In prior call recording arrangements, the fact that either an incoming or outgoing call is transferred from one station to another station, such as a call from station S1 to station S3, is lost, since such prior arrangements charge the originating station for the full duration of the call regardless of whether or not the call is transferred to another station. My invention, on the other hand, tracks such transfers. For example, if a user at a station places an outside call and then later transfers the call to another station, a call record is established detailing the orignal call and, in accordance with the invention, a call record is established detailing the transfer, in which the first call record points to the second call record by identifying the station to which the call was transferred. Thus, the duration of such a call is allocated among the stations that are involved in the call, rather than just the originating station, as is done in prior arrangements.
In particular, when the transfer program completes a transfer of a call from one station to another station, such as the call transferred from station S1 to station S3 discussed above, it notifies the call recording program of that fact. The call recording program responsive thereto inserts (a) a termination time, (b) the identity of station S3 and (c) the fact that the call was transferred to station S3 in the call record established for station S1. The call recording program, in accordance with the invention, also establishes a new call record for station S3 so that the duration of the call can be properly allocated between stations S1 and S3.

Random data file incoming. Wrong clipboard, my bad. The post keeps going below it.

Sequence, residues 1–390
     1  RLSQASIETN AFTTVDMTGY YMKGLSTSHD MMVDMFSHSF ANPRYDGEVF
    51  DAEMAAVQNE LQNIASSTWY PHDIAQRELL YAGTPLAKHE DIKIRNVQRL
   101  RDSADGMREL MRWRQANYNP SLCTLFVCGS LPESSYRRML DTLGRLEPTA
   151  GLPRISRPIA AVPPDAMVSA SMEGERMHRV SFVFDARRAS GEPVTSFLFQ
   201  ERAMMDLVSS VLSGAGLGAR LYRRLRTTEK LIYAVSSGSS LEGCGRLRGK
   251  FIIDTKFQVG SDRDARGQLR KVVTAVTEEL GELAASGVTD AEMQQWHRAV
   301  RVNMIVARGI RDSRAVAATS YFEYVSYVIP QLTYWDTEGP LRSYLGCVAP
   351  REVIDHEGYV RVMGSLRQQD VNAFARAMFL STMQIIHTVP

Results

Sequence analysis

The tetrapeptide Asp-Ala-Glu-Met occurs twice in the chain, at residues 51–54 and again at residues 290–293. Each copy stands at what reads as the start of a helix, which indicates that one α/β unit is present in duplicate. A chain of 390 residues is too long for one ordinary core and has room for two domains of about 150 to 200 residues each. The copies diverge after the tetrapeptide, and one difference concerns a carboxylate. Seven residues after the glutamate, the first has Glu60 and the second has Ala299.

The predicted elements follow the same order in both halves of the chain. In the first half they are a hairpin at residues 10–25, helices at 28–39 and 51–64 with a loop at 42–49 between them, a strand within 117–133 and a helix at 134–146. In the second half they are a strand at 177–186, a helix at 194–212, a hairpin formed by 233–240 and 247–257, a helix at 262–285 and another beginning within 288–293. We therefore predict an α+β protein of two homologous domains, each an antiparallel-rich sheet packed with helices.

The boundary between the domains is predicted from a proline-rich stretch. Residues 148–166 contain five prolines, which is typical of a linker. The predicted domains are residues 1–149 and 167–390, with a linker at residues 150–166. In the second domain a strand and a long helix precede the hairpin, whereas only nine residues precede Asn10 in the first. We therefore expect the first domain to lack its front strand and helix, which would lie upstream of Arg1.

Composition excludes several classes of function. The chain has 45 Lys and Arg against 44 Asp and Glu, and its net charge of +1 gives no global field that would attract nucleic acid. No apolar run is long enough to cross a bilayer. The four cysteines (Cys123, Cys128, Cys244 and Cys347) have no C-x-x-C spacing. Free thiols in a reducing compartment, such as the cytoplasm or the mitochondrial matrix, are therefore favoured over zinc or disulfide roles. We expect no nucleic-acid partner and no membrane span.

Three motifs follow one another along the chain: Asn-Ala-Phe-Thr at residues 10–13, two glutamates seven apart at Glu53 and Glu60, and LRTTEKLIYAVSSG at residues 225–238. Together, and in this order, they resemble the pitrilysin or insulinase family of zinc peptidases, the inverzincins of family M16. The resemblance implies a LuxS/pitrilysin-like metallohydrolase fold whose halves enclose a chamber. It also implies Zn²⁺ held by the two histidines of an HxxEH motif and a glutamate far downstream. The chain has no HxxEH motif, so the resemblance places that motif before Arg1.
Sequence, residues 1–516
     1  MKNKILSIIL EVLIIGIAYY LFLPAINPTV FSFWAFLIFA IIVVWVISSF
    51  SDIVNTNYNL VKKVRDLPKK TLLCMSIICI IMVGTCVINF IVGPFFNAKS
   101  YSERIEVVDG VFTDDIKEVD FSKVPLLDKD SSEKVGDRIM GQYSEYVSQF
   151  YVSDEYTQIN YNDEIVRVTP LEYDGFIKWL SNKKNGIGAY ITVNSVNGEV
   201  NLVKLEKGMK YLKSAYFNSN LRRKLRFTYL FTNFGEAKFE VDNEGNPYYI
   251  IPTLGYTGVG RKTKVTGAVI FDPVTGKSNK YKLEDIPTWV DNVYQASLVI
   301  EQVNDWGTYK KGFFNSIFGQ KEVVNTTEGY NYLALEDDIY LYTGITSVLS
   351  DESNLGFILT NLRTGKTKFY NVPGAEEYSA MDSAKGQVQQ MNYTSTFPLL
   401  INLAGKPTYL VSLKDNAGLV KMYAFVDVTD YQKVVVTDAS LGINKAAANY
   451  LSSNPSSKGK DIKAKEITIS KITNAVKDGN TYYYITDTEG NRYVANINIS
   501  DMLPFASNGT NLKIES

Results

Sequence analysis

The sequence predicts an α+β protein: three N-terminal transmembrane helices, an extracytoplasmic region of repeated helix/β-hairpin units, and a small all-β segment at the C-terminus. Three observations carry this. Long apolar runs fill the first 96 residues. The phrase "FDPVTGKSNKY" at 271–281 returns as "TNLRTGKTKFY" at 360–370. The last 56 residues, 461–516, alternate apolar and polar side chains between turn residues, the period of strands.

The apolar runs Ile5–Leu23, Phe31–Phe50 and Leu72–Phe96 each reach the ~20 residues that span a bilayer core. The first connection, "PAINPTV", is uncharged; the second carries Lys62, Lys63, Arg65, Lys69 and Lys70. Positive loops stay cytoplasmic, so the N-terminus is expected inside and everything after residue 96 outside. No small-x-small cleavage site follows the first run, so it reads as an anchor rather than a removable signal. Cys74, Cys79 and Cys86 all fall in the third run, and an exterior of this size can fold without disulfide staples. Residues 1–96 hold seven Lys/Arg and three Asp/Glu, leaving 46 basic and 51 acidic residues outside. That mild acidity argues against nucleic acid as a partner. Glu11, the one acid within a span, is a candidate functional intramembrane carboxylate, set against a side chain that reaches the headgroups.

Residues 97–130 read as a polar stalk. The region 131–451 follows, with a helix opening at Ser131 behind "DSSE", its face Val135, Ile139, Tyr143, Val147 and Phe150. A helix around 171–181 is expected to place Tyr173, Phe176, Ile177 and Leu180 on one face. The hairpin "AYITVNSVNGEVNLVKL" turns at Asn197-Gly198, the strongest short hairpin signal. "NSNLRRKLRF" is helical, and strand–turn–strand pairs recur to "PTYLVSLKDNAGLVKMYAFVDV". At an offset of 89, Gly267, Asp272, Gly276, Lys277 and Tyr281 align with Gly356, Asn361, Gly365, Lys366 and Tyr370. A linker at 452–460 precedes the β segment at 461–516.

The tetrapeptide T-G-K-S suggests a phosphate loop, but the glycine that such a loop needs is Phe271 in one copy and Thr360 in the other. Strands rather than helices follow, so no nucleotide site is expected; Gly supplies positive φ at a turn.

Since the attendant console 110 (FIG. 1) is, in essence, another station within system 10, a call record is established for console 110 whenever the attendant thereat places an outgoing call. Also, in those instances in which a user at a station, for example, station S2, transfers an outside call to another station, for example, station S3, via console 110, a call record is established showing the call transferred to console 110 and a call record is also established for station S3 when the attendant transfers the call to that station. Thus, in accordance with the invention, the duration of an outside call is allocated among the system 10 stations connected to the call as long as the call is a so-called two-party call, as discussed below.
For example, if station S3 happens to be connected to an outside call via one of the CO lines 22-23 and the user at station S3 then directs system 10 to establish a conference connection to include, for example, stations S1 and S2, in the call, the call recording program will update the call record that was established for station S3 to show that the call involved a conference connection. In this instance, the call recording program does not establish call records for stations S1 and S2 when they join the connection, but charges the full duration of the call to the station S3 call record even if the user at station S3 leaves the conference connection before it is terminated. However, if thereafter another station, for example, station S1, also disconnects from the conference connection leaving just station S2 connected to the outside line, then, in that instance, the call recording program, in accordance with an aspect of the invention, will establish a call record for station S2 so that the duration of the call can be allocated between stations S2 and S3.